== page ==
If you want to see the history of RuneScape, all you have to do is log into the game and look around. You'll know it when you see it; it's that distinction between those cities that have their own personality and those that are just a collection of buildings, the more fluid mechanics of a puzzle or minigame, or the point where the quest you're doing stops being a combination of puzzles and dialogue and starts telling part of a larger story. The longer you've been around, the more changes you'll notice.
Depending on how long you've been around, you'll notice that the community evolved alongside the game. As much as we love to ask why it changed and point the finger at an update we don't like as the primary cause, it's more of a response to the changes in the game itself. Players gather around the day's popular moneymaking methods and pastimes. When those were trade and skills, the community developed around them. When bosses took the spotlight, boss hunting communities followed. When Dungeoneering was released, like-minded players formed groups to get the most out of it, and so on. The community is directed by content.
As for why it changes, the obvious answer is 'updates'. In 2005 and 2006, we received higher-level content through slayer and the Barrows, and skill capes to reward those few players who managed to get a 99. 2007 marked the shift from resources to boss loot as the commodity of choice when the God Wars Dungeon brought an entire new tier of equipment to the game, and when the removal of free trade and the wilderness crippled both PvP communities and the multitude of businesses and merchants that had set up shop before them. Raw resources stopped being a commodity and a gathering point for skill-focused players and became an avenue for skill advancement after it became more rewarding to use them than to trade them. The transition to new skills such as Summoning and Dungeoneering, from minigames like Castle Wars to ones like Mobilising Armies, and from quests like Wanted! to quests like While Guthix Sleeps, reflect these changes and reward higher-level players with worthwhile content. And as a result, players form groups that help them take advantage of these updates more thoroughly.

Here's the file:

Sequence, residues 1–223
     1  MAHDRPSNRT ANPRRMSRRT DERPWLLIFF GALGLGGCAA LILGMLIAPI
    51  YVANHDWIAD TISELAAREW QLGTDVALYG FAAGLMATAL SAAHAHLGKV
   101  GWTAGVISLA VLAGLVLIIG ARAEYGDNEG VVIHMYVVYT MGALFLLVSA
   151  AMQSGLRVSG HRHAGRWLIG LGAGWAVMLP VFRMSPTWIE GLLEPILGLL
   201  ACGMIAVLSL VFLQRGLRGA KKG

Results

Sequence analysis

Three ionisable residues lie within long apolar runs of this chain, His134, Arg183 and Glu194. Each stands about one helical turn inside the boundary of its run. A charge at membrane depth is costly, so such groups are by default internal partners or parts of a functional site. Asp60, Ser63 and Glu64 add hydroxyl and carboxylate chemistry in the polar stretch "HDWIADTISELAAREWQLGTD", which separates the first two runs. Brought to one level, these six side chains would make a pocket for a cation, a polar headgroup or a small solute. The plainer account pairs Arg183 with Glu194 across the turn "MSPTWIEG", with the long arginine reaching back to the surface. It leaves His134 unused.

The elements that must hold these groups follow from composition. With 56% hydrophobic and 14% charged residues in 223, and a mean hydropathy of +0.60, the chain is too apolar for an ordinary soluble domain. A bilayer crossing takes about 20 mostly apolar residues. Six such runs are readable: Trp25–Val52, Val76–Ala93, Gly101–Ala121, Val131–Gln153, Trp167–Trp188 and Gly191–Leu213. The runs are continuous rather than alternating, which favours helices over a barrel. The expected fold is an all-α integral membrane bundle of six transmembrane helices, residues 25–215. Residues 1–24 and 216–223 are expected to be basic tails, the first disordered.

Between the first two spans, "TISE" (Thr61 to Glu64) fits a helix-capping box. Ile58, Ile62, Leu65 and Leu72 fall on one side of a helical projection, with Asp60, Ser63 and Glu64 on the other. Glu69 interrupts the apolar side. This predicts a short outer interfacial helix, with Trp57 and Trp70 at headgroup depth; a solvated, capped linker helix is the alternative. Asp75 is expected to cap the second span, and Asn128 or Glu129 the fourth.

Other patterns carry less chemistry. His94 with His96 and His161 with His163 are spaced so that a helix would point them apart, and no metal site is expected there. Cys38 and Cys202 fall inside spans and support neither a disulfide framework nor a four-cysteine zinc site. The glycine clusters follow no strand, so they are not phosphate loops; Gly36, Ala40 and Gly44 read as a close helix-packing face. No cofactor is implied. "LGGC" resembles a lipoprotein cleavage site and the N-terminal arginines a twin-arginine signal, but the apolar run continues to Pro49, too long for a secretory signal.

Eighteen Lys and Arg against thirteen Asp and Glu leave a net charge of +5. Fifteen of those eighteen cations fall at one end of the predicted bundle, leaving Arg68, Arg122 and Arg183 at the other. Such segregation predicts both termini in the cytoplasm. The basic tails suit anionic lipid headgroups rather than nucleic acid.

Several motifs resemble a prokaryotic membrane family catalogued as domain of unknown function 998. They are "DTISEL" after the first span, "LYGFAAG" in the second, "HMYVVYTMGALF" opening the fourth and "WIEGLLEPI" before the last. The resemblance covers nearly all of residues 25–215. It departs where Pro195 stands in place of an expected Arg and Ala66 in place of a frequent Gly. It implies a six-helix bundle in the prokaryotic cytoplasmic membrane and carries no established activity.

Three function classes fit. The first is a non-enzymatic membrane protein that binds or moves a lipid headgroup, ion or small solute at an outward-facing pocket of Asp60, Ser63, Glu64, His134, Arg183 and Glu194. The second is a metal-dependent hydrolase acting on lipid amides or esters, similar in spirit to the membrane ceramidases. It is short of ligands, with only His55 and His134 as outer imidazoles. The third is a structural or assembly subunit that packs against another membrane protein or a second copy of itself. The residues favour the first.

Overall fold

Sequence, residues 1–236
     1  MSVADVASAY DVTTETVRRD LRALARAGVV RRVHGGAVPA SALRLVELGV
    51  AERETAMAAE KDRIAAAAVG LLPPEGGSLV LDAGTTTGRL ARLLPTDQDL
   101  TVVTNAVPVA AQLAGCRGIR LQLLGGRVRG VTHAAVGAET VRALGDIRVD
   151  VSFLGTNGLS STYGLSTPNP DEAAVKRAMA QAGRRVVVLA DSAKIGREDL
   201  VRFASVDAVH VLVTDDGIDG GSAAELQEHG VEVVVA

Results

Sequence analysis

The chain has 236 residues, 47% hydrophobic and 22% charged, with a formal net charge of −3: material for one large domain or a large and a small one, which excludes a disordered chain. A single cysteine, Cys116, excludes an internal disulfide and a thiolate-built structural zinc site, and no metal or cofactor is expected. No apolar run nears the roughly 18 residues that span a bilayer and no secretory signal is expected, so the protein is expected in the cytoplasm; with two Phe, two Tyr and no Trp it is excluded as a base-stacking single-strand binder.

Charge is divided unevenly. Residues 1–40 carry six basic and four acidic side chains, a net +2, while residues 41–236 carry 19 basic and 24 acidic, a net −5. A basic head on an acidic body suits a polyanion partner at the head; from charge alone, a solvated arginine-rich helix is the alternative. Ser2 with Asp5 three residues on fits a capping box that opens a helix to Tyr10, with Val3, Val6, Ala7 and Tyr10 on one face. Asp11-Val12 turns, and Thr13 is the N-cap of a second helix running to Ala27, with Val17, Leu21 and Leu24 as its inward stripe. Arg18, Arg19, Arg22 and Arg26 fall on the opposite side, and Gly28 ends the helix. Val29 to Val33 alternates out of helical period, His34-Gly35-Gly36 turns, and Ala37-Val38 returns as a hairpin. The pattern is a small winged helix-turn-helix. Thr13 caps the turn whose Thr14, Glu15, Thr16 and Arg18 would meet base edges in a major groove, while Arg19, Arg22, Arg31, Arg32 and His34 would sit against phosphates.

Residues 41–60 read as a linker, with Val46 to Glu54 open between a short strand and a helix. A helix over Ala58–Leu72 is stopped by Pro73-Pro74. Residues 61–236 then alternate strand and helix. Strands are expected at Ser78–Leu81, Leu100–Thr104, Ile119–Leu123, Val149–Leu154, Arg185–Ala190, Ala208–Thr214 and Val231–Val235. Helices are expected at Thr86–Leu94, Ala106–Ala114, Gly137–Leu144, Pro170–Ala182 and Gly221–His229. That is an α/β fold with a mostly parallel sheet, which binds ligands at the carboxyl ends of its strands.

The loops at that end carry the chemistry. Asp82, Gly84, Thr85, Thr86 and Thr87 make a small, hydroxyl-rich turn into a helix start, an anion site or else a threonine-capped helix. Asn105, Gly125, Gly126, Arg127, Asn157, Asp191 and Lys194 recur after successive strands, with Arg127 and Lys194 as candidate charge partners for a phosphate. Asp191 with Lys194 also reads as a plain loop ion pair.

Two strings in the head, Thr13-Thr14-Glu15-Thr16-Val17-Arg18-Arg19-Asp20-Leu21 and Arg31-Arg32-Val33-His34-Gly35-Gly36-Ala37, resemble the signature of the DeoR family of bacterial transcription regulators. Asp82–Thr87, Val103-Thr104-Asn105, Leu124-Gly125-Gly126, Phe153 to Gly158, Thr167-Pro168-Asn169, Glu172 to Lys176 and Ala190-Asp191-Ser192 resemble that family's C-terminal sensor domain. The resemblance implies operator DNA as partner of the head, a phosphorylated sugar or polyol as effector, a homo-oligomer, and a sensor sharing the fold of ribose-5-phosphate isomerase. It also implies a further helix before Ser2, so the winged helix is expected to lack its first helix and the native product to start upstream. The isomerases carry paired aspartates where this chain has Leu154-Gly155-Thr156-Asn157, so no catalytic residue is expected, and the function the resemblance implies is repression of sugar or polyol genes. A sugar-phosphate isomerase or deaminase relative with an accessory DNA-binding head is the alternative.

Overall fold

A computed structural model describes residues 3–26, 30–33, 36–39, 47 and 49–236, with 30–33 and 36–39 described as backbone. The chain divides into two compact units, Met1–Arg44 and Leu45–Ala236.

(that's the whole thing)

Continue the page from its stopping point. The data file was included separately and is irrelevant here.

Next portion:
In short, it’s co-evolution between Jagex and their players, and contrary to popular belief, it hasn't killed the community. It has, however, made player interaction less direct. We don't trade face-to-face, and though we share skilling spots, it's rarer for conversations to pop up than it was in the past because of updates like the clan chat system; like-minded players no longer have to be in the same spot at all times. As in biological evolution, success isn't a guarantee. Clan citadels and clan avatars can be seen as an attempt to combine both styles, with mixed results, and the return of free trade and the wilderness last year didn't have the results everyone thought it would for the same reason: both the game and the community had changed past the point where such updates would have been appreciated.
Is the community dead? No, it's changed. It's less openly outgoing than it was when many of us started playing, but that’s to be expected when we have so many tools that make the game impersonal outside of our circles of friends. If you don't like that, there's a simple enough solution: talk to people. Skilling can get pretty boring without it.